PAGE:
The Significance of Leadership Excellence in Staff Retention
It should come as no surprise to you to learn that employees expect to be led. No matter what their position is in the hierarchy, if their moniker is anything less than Number 1, then it will be to that person that they will look for leadership. This is true at both the macro- and micro-levels.
Leadership to them means that you know where you’re going, or want to go, how you intend to get there, and that you have effectively communicated that to everyone.
The problem is that when the employee’s organization, or division, or department - all the way down to the smallest unit in which they work - seems to them to be rudderless, or adrift, or in any other way lacks leadership that these same people don’t know what to follow. They don’t know what you’re doing, or what to copy.
The who is articulated in the organization chart, whatever that may look like. The “pecking” order is there for all to see; but if the person that they’re supposed to follow doesn’t seem to know the way, then the people they’re supposed to lead won’t know what direction to go in. They’ll flounder as much or more than the “leader.”
Why does this matter?
It matters because if you don’t know which way to direct your efforts, then no one else will either. Like you, they’ll either do what seems best to them, or they’ll do nothing at all. In either case, their, as well as your, personal motivation will be affected.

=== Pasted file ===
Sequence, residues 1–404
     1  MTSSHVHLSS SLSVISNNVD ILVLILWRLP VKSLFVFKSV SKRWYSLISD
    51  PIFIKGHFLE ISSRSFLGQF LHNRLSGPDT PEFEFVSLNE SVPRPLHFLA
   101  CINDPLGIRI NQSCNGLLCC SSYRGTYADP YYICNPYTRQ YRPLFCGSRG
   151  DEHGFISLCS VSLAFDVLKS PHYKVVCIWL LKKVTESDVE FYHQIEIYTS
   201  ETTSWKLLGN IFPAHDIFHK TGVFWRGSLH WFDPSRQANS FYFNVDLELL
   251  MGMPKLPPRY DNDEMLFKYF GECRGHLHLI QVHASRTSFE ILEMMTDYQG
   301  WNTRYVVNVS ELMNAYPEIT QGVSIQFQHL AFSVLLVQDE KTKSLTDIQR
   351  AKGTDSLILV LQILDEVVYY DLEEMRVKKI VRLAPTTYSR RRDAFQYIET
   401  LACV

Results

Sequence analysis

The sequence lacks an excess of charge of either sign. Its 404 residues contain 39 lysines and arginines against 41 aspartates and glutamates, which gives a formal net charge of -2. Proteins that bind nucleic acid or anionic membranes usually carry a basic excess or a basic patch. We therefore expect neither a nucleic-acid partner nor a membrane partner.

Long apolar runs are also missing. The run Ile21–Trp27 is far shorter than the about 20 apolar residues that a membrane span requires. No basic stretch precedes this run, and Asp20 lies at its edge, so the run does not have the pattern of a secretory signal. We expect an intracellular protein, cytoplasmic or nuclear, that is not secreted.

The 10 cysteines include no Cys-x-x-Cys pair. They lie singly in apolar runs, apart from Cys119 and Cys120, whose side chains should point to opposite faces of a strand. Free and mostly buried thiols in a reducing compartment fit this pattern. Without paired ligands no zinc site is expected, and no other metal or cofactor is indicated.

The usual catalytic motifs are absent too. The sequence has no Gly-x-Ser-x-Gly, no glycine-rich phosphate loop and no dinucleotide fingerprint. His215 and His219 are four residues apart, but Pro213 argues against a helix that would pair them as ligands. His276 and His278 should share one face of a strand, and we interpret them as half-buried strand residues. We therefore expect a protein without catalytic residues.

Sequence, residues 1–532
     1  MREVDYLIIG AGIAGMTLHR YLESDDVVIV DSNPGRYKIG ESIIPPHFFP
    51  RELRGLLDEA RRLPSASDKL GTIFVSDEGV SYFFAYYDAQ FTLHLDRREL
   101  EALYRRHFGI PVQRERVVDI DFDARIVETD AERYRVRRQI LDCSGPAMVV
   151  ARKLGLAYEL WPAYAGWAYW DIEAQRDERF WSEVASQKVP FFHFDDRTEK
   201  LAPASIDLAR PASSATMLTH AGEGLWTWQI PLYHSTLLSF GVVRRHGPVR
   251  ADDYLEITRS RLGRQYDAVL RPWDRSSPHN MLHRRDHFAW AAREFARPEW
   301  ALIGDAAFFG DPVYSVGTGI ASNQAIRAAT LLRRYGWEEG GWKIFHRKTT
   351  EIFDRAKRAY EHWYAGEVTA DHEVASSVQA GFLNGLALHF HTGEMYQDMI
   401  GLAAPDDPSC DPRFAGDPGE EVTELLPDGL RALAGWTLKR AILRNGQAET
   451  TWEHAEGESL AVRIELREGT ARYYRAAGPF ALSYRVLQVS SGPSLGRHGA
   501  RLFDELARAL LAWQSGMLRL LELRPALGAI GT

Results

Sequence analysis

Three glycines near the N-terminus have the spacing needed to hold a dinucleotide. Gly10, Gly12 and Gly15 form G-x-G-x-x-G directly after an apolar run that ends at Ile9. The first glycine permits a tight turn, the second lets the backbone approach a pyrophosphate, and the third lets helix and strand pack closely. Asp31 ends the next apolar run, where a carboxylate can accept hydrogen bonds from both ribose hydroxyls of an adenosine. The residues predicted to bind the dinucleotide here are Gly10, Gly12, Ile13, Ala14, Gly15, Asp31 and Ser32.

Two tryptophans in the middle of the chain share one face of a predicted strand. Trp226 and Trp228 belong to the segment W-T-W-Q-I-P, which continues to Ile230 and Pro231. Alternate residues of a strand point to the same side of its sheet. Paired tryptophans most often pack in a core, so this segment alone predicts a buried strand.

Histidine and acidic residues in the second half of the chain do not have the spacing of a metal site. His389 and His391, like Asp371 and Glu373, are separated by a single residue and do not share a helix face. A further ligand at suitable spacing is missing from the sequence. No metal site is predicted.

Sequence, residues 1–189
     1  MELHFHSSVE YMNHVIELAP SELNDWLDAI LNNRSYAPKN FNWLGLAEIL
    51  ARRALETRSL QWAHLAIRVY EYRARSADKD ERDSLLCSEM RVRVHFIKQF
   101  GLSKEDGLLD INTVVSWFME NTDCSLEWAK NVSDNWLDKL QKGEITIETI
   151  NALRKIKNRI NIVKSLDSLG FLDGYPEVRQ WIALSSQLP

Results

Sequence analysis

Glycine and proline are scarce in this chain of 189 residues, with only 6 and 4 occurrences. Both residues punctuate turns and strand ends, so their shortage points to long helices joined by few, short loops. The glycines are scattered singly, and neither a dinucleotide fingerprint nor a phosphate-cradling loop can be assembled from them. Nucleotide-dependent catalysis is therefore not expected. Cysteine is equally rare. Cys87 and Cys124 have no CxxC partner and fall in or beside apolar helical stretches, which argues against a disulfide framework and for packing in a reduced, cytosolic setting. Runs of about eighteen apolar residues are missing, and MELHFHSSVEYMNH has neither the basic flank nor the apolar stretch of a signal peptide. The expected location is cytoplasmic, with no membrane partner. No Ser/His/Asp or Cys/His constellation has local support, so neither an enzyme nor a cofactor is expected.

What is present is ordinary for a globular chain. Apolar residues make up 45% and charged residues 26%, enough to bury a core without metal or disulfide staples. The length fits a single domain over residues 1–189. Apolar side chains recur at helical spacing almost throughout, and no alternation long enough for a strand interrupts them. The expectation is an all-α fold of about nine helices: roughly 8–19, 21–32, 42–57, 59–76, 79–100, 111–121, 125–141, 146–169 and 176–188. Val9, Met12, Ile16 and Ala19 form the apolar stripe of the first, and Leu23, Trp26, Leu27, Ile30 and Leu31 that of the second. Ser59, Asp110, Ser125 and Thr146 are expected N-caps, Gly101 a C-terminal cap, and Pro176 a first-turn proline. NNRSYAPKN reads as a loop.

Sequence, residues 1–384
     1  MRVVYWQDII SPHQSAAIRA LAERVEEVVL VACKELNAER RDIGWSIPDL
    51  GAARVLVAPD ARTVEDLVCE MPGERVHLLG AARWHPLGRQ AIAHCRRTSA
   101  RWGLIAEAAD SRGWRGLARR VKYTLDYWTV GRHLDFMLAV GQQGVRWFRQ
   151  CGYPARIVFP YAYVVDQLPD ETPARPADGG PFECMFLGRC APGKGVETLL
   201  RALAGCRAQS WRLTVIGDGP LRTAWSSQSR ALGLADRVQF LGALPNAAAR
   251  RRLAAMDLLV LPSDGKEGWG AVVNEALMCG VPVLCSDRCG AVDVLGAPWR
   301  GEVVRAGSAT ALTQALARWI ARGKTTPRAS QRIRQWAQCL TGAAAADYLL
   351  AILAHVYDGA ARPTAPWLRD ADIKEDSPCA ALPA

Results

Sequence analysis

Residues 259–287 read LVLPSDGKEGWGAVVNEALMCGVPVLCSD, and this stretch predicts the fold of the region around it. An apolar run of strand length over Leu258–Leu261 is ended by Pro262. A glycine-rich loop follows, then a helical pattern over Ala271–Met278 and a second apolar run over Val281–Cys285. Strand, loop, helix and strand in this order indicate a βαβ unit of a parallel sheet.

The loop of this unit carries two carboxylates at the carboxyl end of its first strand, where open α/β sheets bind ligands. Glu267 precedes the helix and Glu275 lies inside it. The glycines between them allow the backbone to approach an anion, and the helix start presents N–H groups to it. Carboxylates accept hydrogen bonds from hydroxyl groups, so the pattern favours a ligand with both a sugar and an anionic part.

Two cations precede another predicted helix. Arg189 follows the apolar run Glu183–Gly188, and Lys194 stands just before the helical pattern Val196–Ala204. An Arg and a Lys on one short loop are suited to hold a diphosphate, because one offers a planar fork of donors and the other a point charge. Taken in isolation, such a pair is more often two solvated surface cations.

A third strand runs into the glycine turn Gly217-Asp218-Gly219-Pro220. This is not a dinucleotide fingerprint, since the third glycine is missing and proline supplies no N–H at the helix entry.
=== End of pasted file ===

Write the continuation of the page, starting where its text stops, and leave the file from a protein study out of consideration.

Even if you’re determined to do your very best, the internal apprehension about where to put that effort will cause you to doubt - to second guess - what you do. You’ll constantly be of two minds; this or that. There are a lot of people who are in leadership positions today for whom that is true.
Employees who sense your indecision eventually will look for a place where they can work without this ambiguity. That’s because they need to not only be sure that what they’re doing is right, but also that they’ll have your full support for doing it. If you don’t know what to do, then they can’t be sure that you’ll back them when they need you to.
There’s another problem, too, and that is that when employees are uncertain about what they should do, or why they should do it, they eventually reach a point where they begin to feel that what they do is unimportant.
Think about it.
If you believe that what you do doesn’t matter - that the organization can reach its goals with or without you, or whether you do your job or not - then it’s natural for them to take the next step and to question whether they should be doing it at all.
To look at that another way, leaders who have purpose and direction have a much easier time communicating that message to those that they lead. But those who have no specific purpose or sense of which way to go are unable to communicate either to anyone. In fact, they inadvertently tell everyone by what they fail to do that they have no idea what they or anyone else should do.
This is why leadership excellence is significant to staff retention. People will only follow leaders because they believe in the person, the cause, or both. If neither is present, then there’s nothing to follow.
How should leadership be exercised?
How should leadership be exercised? Among other things, by building strong relationships with those you want to lead, actively seeking employee input on all organizational issues, and relying upon discussions with them for making decisions, particularly when hard information is not available.